Walla Abu-Eid is famous for her simple desserts. The mum-of-three knows how to make “lazy” puds that taste just as good as ones you’ve spent…
Lauren Hicken, 31, from Worcestershire, had a smooth pregnancy and had hoped for a natural birth. But, when she didn’t dilate more than 3cm, she was rushed in for an emergency c-section.
Lauren welcomed daughter Niyah last spring and was quickly discharged from hospital, which is when her ordeal began.
“Back home, I expected my stomach to shrink so I was baffled when it grew rounder and harder,” she told Fabulous Online.
“Then I began to suffer with stomach pains that were so bad that I couldn't even cuddle Niyah without wincing in agony.”
At her six-week postnatal check, Lauren showed the midwife her swollen stomach, but was told it was nothing to worry about.
Unconvinced, she went to see her GP, who agreed it wasn’t anything serious and prescribed her strong painkillers.
Lauren said: “There was no way I could let this go. I knew my own body and I was sure something was very wrong.”
She returned to the doctors and requested a scan. She was “gobsmacked” when the results showed nothing unusual.
“By now, the pain in my lower abdomen was unbearable,” she said. “I requested a CT scan and after having it, waited nearly three weeks for the results, hoping that it would shed some light on the pain.”
The doctor told Lauren she had an incisional hernia, which can occur when an incision is made in the abdominal wall and sometimes happens following a C-section.
Four months later, Lauren met with a consultant who told her the hernia was a staggering 38cm long.
“My jaw dropped in shock. I had something in me the size of a large watermelon – how on earth was it not spotted in the first scan?” she said.
“Back home, I struggled to look after my baby while suffering with the most horrendous pain. I couldn’t understand the delay – I needed surgery and I needed it quick.”
Lauren then received a letter referring her to a bariatric team for weight management. The appointment was for January.
But then things took a turn for the worse. “One day, in December, I’d just put a pizza in the oven for dinner before snuggling up on the sofa with Niyah to watch TV,” she said.
“Suddenly, I screamed and bent double in excruciating pain. Then I started violently vomiting. I managed to grab my phone and call 999, then my mum.”
Lauren’s mum looked after Niyah and she was rushed to hospital in an ambulance.
“I was taken into theatre and then everything went black,” she said. “When I came round, I was in intensive care and I’d been put on a ventilator. Then a surgeon came to see me.
What is an incisional hernia?
An incisional hernia is a hernia that occurs through a previously made incision in the abdominal wall, i.e. the scar left from a previous surgical operation.
The incision will have been made in order to get to an internal organ such as the appendix, or a caesarian section.
After that previous operation, the surgeon will have had to close the layers of the abdominal wall with stitches.
Sometimes this closure simply comes apart, fails to heal properly in the first place or just comes apart with time.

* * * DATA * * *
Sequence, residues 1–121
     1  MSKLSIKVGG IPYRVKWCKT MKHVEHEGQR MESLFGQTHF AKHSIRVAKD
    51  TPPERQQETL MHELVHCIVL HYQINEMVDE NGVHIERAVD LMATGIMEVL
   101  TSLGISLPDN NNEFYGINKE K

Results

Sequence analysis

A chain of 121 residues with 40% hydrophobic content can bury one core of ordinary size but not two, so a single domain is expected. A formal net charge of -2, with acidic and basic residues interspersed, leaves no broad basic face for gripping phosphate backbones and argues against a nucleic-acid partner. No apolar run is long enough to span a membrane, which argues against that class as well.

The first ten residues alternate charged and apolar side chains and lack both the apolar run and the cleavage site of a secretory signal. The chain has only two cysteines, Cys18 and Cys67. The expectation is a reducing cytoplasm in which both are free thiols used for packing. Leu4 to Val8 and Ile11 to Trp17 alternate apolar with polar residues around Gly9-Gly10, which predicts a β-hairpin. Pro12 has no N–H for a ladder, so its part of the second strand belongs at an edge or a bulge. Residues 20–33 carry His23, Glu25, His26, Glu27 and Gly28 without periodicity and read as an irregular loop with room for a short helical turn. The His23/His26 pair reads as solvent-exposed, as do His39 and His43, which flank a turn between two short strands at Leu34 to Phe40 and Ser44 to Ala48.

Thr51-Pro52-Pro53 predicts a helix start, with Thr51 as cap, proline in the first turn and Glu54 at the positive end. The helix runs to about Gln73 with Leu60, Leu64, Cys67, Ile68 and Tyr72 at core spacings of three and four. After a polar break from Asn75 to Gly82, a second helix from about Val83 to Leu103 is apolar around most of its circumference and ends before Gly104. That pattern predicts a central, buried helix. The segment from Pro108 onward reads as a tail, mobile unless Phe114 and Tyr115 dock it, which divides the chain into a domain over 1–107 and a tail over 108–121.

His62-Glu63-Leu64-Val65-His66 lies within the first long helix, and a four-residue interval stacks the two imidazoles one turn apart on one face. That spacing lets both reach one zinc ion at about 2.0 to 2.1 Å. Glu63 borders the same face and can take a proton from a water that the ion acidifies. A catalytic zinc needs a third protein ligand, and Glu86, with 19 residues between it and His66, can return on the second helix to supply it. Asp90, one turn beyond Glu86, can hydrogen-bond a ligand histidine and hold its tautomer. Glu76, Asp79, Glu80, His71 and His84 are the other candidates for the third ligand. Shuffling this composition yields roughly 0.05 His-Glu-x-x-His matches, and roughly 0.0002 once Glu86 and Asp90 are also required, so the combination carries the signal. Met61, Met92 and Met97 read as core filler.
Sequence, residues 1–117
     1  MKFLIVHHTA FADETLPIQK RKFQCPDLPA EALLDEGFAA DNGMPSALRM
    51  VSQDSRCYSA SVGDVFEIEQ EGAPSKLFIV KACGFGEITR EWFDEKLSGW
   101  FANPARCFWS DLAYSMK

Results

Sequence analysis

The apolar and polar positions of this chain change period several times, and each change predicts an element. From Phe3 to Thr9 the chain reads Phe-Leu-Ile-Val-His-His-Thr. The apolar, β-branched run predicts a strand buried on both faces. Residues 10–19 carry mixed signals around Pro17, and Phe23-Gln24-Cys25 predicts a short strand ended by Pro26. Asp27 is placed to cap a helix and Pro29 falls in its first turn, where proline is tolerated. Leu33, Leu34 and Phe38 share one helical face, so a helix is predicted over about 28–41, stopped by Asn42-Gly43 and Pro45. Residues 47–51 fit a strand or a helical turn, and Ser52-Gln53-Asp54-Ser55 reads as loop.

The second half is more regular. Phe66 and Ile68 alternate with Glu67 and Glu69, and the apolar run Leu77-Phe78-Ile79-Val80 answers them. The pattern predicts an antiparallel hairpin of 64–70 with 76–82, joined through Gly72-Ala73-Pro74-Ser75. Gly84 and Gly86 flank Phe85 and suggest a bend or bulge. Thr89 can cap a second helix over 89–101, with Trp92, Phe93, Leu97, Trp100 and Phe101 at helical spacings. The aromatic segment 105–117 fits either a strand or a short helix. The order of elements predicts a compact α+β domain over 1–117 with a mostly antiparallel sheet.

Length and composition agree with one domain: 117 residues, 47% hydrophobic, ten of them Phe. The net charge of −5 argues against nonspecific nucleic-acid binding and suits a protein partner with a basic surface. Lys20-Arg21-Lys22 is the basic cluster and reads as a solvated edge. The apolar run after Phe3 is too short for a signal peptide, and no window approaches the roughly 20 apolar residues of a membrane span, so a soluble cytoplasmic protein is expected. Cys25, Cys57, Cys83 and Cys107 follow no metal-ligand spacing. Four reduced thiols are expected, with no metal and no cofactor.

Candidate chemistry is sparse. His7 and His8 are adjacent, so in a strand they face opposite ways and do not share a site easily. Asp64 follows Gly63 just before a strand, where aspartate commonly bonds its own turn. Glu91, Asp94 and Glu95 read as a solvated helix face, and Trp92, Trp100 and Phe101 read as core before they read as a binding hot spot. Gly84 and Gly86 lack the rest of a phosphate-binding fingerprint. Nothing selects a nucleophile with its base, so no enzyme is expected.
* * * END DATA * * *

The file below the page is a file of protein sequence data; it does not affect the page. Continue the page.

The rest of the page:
It is estimated that at least 12-15% of abdominal operations lead to an incisional hernia.
“He told me the hernia had strangulated my bowel – cutting off my blood supply – and he’d pushed the hernia back in, which was now being held in place with mesh and over 300 staples. He also explained I’d had 90cm of my small intestine removed, because it had been infected with gangrene.”
Lauren was discharged from hospital on Christmas Eve. “But the next day, I felt awful. A nurse arrived to dress my wound, which leaked so much fluid that it soaked through two towels,” she said.
Lauren’s mum took her to A&E where doctors believed she had suspected sepsis.
“Before I knew it, I was back in theatre having another operation, this time to remove infected tissue,” she said.
“Afterwards, I was horrified to see my butchered stomach – I’d been left with a huge, cavernous hole that stretched the whole way across.
“Feeling utterly miserable, I stayed in hospital for three and a half months undergoing further operations and blood transfusions.
“When I was finally allowed home, I was so relieved to see Niyah and the moment she wrapped her arms around me, I didn’t want to let her go.”
Now, the wound is a lot better but Lauren still has a small hole and scarring above her pubic bone.
“I complained to the NHS, asking why they didn't operate when the hernia was first found, leading to emergency intervention. They have denied negligence and claim I was treated adequately,” she said.
“They insist there was no delay and that the bariatric clinic advised they would not operate due to my BMI and weight management programme. But I think a simple operation could have saved me so much pain, as well as time and resources.
“I still have to take morphine every day for the pain and doctors say my body is rejecting the mesh, but that I could die if they remove it. I can no longer work and have major issues with my digestive system.
“I’m so upset that a potentially small problem spiralled out of control, which resulted in me having part of my bowel removed and me taking painkillers for life, not to mention nearly killing me.
“Now I’m trying to move on and I’m just grateful that Niyah, two, didn’t lose her mum. I’m lucky to be alive.”
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